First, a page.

Mixing Your Own Paint

Mixing your own paint is like a rite of passage. It’s the next step in your education in using phosphorescent paint. It’s also not complicated and very simple to learn. Once you understand the basics you’ll be able to mix paints for countless different applications.

Why Mix Your Own Paint?

There are many good reasons for learning to mix your own paint:

  • Cost
  • The cost of mixing up your own paint will often save you over 50% of the cost of buying pre-mixed paints.
  • Application
  • The pre-mixed paints water based paints from the suppliers that I have used are all pretty thick. This leads to problems when trying to use the paints for creating special effects where a thinner paint would be better.
  • Loading of Pigment
  • Not only are pre-mixed paints thicker they all are generally made up using 2lbs of pigment to 1 gallon of medium, or a 1:4 ratio. This ensures that the paint will apply a generous amount of pigment. Once again for certain effects this loading can be too much.
  • Longevity
  • Some pre-mixed paints just don’t have the shelf life that you would expect. Now if you’re using the paint up in a short time then this is not an issue. However, if the paint sits for many months then sometimes the paint can and will separate laving you with a useless jar paint. When these paints separate it’s not often possible to mix them back up. I’ve seen the problem with white more than any other but I’ve read posts of people experiencing separation with other colors too.

Paint Basics

Now I’m no material scientist so this is a very basic chapter on what makes up paint.


This is the phosphorescent powder that provides the color and glow. It can be purchased in various forms. For water based mediums you need powder that is listed as being “coated” or “Hydrolysis Resistant”. Uncoated powders will break down in the presence of water. Also powders come in different particle sizes. Generally speaking the smaller the particle size the shorter the glow time. Particle size is more important when trying to use an airbrush where larger particle sizes will clog the airbrush. Most pre-mixed paints use the largest particle size available to produce the longest glowing paints.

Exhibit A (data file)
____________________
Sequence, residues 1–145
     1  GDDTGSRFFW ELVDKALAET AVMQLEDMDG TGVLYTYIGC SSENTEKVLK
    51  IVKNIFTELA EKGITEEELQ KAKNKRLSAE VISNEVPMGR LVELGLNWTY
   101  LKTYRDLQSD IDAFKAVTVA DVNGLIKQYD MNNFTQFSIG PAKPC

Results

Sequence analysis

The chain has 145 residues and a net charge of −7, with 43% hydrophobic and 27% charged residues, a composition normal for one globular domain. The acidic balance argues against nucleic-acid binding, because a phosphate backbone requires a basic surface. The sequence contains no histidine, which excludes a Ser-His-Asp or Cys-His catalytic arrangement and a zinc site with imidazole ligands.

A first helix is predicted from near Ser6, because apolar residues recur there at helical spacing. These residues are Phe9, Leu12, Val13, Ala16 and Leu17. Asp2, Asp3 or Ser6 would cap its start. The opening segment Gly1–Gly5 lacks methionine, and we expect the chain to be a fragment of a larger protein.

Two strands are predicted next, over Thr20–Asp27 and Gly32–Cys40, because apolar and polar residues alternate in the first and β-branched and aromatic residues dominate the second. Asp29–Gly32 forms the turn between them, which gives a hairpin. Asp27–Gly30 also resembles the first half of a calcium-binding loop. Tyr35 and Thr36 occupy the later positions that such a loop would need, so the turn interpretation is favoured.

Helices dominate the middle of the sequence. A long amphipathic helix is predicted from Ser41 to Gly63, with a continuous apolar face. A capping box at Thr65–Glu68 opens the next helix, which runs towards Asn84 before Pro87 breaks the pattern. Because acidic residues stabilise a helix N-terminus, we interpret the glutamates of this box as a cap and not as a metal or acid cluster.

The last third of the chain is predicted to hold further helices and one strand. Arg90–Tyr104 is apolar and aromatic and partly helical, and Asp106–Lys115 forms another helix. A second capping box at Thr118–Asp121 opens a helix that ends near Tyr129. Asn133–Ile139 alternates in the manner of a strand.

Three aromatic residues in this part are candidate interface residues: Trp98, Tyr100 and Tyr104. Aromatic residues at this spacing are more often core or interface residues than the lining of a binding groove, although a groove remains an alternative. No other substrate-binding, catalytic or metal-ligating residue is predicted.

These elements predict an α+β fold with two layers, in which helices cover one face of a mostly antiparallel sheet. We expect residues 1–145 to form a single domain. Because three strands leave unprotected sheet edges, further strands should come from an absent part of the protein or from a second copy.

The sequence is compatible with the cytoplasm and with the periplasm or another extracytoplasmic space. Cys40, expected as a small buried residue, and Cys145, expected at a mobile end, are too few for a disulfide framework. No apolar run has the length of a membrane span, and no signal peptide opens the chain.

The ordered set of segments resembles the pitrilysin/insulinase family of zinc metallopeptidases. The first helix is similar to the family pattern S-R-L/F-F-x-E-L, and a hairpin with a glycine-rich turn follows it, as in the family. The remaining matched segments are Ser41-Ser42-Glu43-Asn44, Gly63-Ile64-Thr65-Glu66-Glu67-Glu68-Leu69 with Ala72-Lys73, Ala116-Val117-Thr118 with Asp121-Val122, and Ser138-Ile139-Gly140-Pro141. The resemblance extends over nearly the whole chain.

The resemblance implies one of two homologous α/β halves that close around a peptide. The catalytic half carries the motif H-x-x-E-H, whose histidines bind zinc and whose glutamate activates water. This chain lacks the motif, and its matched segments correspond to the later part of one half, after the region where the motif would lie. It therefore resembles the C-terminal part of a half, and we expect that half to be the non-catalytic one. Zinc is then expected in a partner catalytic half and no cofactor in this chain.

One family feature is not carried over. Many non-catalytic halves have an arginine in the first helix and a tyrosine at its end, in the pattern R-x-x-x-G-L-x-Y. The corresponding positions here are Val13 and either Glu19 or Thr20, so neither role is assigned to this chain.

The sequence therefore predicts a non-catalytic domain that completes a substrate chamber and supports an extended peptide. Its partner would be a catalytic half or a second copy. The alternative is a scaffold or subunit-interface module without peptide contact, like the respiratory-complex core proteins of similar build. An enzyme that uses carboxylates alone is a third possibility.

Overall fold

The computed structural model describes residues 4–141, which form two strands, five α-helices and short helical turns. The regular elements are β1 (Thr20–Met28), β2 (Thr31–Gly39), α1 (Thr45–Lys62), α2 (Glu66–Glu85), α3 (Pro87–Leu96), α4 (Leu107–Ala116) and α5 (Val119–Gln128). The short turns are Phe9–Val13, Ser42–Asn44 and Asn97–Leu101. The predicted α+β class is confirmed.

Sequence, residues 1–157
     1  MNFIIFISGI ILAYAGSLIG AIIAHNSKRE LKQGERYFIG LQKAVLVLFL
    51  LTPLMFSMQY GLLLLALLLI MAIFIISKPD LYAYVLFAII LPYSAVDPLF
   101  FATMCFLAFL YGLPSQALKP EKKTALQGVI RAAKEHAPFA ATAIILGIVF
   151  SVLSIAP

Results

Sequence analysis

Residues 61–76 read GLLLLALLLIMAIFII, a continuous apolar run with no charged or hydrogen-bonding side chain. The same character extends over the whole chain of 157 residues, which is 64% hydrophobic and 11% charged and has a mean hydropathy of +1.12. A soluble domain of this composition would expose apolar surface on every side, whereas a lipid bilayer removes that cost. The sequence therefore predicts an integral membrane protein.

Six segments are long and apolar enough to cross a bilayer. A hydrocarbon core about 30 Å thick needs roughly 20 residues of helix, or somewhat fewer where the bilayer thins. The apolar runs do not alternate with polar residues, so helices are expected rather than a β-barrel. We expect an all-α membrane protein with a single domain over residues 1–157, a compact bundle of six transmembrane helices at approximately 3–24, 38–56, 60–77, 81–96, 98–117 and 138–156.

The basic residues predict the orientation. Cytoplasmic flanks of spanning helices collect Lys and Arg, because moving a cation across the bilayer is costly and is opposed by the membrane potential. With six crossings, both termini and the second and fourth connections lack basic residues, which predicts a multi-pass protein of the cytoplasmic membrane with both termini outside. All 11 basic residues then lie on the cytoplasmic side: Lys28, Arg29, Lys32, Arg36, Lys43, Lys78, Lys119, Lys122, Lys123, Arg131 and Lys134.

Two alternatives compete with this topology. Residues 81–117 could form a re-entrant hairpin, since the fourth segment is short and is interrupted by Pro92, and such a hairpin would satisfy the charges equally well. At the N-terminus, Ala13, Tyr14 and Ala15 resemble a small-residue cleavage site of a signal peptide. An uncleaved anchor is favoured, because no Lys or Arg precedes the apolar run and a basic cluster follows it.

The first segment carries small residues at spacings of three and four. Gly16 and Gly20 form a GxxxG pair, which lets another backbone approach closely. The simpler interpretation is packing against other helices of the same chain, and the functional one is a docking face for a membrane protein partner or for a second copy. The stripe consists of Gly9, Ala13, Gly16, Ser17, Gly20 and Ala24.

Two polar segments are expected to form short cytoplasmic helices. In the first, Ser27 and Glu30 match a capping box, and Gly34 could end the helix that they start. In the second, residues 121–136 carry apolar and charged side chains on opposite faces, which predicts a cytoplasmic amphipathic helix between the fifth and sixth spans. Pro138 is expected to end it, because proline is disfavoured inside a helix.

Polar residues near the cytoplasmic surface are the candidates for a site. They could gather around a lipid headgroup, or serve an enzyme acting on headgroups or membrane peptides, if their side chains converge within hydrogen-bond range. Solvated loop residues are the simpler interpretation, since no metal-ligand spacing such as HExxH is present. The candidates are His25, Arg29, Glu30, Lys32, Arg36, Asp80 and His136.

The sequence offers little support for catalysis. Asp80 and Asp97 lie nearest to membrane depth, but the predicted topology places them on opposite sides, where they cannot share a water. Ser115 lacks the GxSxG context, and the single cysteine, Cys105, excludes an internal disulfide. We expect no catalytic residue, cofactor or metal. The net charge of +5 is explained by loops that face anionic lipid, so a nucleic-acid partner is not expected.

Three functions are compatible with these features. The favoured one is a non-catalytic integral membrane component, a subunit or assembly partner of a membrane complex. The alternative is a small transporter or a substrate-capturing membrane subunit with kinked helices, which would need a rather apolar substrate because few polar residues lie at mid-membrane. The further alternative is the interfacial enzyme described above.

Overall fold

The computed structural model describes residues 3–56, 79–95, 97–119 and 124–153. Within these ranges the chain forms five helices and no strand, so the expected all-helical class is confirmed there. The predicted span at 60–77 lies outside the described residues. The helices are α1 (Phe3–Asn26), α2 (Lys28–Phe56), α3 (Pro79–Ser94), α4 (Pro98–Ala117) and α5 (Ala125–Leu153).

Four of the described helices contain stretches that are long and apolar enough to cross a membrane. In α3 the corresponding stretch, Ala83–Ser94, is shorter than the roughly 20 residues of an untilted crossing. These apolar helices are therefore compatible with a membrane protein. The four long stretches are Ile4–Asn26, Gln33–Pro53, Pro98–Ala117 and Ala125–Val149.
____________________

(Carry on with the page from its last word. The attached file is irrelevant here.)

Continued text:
The medium is the binding agent that you put the pigment into. It essentially serves as the glue which fixes the pigment to the surface you’re painting on. Mediums come in varying thicknesses from runny to toothpaste. They also come in various finishes from matte to gloss. The thickness of the medium also dictates how well the pigment will be suspended. Glow powder is a very large pigment compared to traditional color pigments. As such combining glow powder with a too thin medium will cause the powder to sink and settle at the bottom. Usually you can simply stir the pigment back into the medium. Sometimes, if left for a very long period, the powder can congeal at the bottom rendering the paint unusable.


Thinner is a liquid suited to the medium that allows the user to thin the medium out without ruining it. For water based mediums you need to use an Acrylic or Latex thinner. Using water works if you’re using the paint immediately but does not store well.


You can buy powder that can be used to thicken paints that are too thin. I’ve only come across thickeners that add a matte finish. So the best option here is to add a thicker medium to the paint.

What Products?

Choosing the right products is important. Here you have the ability to make decisions that not only affect all aspects of the paint from glow duration, shelf life, application and final appearance.

Choosing the Right Powder

As I mentioned earlier it’s best to choose a powder that is compatible with water based mediums. However, you can use uncoated powders if you plan on making small batches of paint that you’ll use up immediately.



Best Powder Type

Longest Glow Duration

Largest particle size available

Shelf Life

Coated / Water Resistant

Airbrush / Sprayer

Smallest particle size.


Choosing the Right Medium

The medium is the make or break decision. It affects not only how you can apply the paint but also how well the powder will glow and how the paint looks during the day.

Most pre-mixed paints use a rather thick medium that dries to a gloss finish. This is ideal for most applications. However, if you were to paint a large Milky Way across the ceiling then during the day you might notice a sheen where the paint was applied. Stars on the other hand should always use paint that has a gloss finish to maximize the glow of the paint.

There are two types of medium I use:

  • Artist Gels
  • These come in various thicknesses and finishes. They are best suited to creating paints that you use to paint stars. Thinned with the correct thinner they will have an extremely long shelf life and the powder will not sink to the bottom.